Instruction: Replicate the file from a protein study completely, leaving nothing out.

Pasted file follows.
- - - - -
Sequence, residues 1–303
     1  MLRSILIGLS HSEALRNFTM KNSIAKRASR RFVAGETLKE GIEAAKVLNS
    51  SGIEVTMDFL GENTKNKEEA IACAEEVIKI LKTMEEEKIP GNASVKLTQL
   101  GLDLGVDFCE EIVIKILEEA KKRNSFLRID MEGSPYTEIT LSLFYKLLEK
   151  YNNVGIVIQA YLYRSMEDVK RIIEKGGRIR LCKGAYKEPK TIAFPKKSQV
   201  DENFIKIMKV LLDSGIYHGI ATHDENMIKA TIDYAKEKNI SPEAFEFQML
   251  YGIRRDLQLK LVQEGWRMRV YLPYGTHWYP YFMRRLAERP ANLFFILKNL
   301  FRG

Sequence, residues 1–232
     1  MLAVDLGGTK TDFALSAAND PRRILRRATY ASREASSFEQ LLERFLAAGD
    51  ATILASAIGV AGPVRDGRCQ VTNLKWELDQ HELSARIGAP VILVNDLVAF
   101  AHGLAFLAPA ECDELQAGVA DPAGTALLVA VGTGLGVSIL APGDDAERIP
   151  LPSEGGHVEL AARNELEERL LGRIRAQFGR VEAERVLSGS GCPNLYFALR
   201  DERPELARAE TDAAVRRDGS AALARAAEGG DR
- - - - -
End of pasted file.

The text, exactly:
Sequence, residues 1–303
     1  MLRSILIGLS HSEALRNFTM KNSIAKRASR RFVAGETLKE GIEAAKVLNS
    51  SGIEVTMDFL GENTKNKEEA IACAEEVIKI LKTMEEEKIP GNASVKLTQL
   101  GLDLGVDFCE EIVIKILEEA KKRNSFLRID MEGSPYTEIT LSLFYKLLEK
   151  YNNVGIVIQA YLYRSMEDVK RIIEKGGRIR LCKGAYKEPK TIAFPKKSQV
   201  DENFIKIMKV LLDSGIYHGI ATHDENMIKA TIDYAKEKNI SPEAFEFQML
   251  YGIRRDLQLK LVQEGWRMRV YLPYGTHWYP YFMRRLAERP ANLFFILKNL
   301  FRG

Sequence, residues 1–232
     1  MLAVDLGGTK TDFALSAAND PRRILRRATY ASREASSFEQ LLERFLAAGD
    51  ATILASAIGV AGPVRDGRCQ VTNLKWELDQ HELSARIGAP VILVNDLVAF
   101  AHGLAFLAPA ECDELQAGVA DPAGTALLVA VGTGLGVSIL APGDDAERIP
   151  LPSEGGHVEL AARNELEERL LGRIRAQFGR VEAERVLSGS GCPNLYFALR
   201  DERPELARAE TDAAVRRDGS AALARAAEGG DR